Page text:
As indicated above, a dismissal is termination on personal grounds.

There are three levels of misconduct in France :

  • Faute Simple (Misconduct)
  • Faute Grave (Serious Misconduct)
  • Faute Lourde (Gross Misconduct)

What constitutes justifiable grounds will vary in each case and it is highly recommended that professional advice be sought should you receive a letter from HR calling for a preliminary interview ("entretien préalable").

The initial level of characterising a particular infringement would be a “faute simple” – or simple misconduct in English. Examples of a ‘faute simple’ would include absences without authorisation, insubordination, etc.

French statute and case law hold that the principal criterion for establishing if the ground for dismissal should be considered a “faute grave” (serious misconduct) is whether or not it is possible for the employee to be allowed to remain on company premises.

In the event of a dismissal on grounds of serious misconduct, no notice should be complied with and pending the dismissal procedure, the employer could decide to suspend the employee temporarily from work (in French “mise à pied à titre conservatoire”)

A “faute lourde” would tend to be a somewhat exceptional circumstance in that French statute and case law hold that the principal criterion for establishing whether the ground for dismissal should be considered to be a “faute lourde” is whether there was an intention by the employee to harm the employer and/or company.

In order to dismiss an employee, regardless of the level of misconduct, the employer must follow a specific procedure, notably the employee should be summoned to a preliminary interview (in French “entretien préalable”), the employer should hold the meeting and the dismissal letter may only be sent two full days after the initial meeting.

Should you be summoned to a preliminary interview, you must immediately get in touch with a CFTC union representative so that we can assist you and accompany you to the interview. We can also provide you with legal representation if needed.

Of course, a specific procedure is applicable for employees who are considered to be protected under French Law notably staff representatives, members of a works council etc.

It should be noted that in France, employees can very easily bring the matter before the Court in order to claim damages for unjustified dismissal (in French “licenciement sans cause réelle et sérieuse”) and for non-compliance with the procedure. Thus, employers should show great circumspection when envisaging terminating the employee’s contract of employment.

CSG = Generalised Social Contribution

Created in 1991, the generalised social contribution (CSG) is a tax payable by natural persons residing in France for income tax. It is a deduction-at-source tax on most incomes, and its rate varies according to the type of income and the interested party's situation.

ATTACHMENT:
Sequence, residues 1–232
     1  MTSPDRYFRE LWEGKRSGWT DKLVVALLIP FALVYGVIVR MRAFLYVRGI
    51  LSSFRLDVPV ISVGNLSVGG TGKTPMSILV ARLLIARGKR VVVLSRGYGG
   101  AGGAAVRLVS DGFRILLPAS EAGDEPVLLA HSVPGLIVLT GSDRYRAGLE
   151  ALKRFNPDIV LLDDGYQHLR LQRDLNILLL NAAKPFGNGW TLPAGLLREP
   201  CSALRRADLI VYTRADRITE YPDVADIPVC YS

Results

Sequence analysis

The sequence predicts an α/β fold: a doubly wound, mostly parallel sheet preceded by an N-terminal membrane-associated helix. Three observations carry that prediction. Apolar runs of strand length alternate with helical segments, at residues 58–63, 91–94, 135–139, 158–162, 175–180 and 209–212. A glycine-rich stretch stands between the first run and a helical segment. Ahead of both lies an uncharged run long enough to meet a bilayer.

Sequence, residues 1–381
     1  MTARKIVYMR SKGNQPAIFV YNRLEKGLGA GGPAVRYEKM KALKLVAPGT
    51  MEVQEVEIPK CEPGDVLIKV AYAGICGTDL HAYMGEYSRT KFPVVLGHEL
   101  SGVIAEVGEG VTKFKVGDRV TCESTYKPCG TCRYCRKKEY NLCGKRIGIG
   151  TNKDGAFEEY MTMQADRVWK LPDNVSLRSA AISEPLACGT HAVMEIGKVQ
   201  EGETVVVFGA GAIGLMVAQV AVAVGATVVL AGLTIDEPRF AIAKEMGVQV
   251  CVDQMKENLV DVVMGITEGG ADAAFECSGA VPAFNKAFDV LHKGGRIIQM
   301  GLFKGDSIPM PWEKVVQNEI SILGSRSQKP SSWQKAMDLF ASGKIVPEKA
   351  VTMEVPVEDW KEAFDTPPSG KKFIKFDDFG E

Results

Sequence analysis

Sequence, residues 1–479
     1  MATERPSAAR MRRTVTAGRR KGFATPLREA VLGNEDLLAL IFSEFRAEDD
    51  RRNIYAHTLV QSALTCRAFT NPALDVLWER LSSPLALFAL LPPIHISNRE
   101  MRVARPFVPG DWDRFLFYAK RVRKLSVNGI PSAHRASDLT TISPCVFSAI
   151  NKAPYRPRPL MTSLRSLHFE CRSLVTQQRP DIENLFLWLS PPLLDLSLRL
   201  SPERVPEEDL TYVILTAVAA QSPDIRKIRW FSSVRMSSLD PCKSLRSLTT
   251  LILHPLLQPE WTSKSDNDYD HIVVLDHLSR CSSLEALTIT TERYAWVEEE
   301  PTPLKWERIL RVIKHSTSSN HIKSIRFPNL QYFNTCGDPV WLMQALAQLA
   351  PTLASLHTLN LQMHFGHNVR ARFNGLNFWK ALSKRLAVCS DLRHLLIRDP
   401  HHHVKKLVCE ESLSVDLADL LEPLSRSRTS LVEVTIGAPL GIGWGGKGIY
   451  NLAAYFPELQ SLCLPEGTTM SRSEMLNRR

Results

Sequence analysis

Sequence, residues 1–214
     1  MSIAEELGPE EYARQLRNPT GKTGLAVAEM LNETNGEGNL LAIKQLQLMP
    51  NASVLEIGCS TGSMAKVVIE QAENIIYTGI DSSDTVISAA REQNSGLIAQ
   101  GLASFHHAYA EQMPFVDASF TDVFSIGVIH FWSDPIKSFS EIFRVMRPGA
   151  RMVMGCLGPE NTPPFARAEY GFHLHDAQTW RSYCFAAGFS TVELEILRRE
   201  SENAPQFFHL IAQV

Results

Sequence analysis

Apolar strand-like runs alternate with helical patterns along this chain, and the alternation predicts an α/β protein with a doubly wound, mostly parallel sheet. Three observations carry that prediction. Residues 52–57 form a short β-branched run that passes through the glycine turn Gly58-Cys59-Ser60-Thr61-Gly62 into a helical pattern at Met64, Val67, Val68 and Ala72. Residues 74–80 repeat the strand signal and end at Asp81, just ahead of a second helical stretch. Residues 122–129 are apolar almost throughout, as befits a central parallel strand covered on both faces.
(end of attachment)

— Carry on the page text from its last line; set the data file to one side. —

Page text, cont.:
The CSG is used to finance a part of social security expenditure on family benefits, benefits related to dependence, health insurance and non-contributing benefits in old age insurance schemes.

CRDS = Social Debt Repayment Contribution

The social debt repayment contribution (CRDS) is a tax created in 1996 to eliminate Social Security debt. Natural persons residing in France for income tax have to pay the CRDS.

The CRDS applies to a broader revenue base than the CSG. The CRDS is a deduction-at-source tax on activity income, replacement income (unemployment compensation), property income and investment income. A single rate is applied to gross income, regardless of the type of income.

Initially intended as a temporary contribution until 31 January 2014, it will continue to be collected until full repayment of the social security debt (provision established by the Law of 13 August 2004 on health insurance).

URSSAF = Social security contribution collection office

The function of the URSSAF is to collect social security contributions. These organisations belong to one of the branches of the Social Security, that of collection.

Each month or each quarter, all establishments employing salaried employees who depend on the social security general regime or a similar scheme complete a summary contributions form (BRC), which they send to the URSSAF they depend on, in order to pay their contributions.

Plafond de la sécurité sociale = Social Security ceiling wage

The Social Security ceiling wage is used to differentiate certain rates of employee and employer contributions for the parts of the gross wage below or above the ceiling wage (or a multiple thereof). It is re-evaluated each year.

Jours fériés = Public holidays